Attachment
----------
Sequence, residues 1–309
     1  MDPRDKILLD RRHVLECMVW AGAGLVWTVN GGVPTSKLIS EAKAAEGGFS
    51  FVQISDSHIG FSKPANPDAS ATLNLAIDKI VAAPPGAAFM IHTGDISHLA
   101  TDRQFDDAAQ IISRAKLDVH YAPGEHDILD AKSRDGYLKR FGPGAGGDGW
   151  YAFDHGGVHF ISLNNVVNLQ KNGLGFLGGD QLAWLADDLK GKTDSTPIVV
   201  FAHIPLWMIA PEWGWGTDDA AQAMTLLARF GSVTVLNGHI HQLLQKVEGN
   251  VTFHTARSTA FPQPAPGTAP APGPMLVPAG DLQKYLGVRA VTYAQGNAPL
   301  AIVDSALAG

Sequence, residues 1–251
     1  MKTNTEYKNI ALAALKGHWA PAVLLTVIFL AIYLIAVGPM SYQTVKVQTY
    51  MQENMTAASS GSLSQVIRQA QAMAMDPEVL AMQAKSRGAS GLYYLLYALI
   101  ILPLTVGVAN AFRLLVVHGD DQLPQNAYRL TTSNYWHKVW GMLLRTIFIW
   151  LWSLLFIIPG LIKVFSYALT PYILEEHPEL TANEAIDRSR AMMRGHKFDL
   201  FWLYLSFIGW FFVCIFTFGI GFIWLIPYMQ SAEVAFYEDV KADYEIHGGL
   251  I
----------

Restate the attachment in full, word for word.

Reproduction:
Sequence, residues 1–309
     1  MDPRDKILLD RRHVLECMVW AGAGLVWTVN GGVPTSKLIS EAKAAEGGFS
    51  FVQISDSHIG FSKPANPDAS ATLNLAIDKI VAAPPGAAFM IHTGDISHLA
   101  TDRQFDDAAQ IISRAKLDVH YAPGEHDILD AKSRDGYLKR FGPGAGGDGW
   151  YAFDHGGVHF ISLNNVVNLQ KNGLGFLGGD QLAWLADDLK GKTDSTPIVV
   201  FAHIPLWMIA PEWGWGTDDA AQAMTLLARF GSVTVLNGHI HQLLQKVEGN
   251  VTFHTARSTA FPQPAPGTAP APGPMLVPAG DLQKYLGVRA VTYAQGNAPL
   301  AIVDSALAG

Sequence, residues 1–251
     1  MKTNTEYKNI ALAALKGHWA PAVLLTVIFL AIYLIAVGPM SYQTVKVQTY
    51  MQENMTAASS GSLSQVIRQA QAMAMDPEVL AMQAKSRGAS GLYYLLYALI
   101  ILPLTVGVAN AFRLLVVHGD DQLPQNAYRL TTSNYWHKVW GMLLRTIFIW
   151  LWSLLFIIPG LIKVFSYALT PYILEEHPEL TANEAIDRSR AMMRGHKFDL
   201  FWLYLSFIGW FFVCIFTFGI GFIWLIPYMQ SAEVAFYEDV KADYEIHGGL
   251  I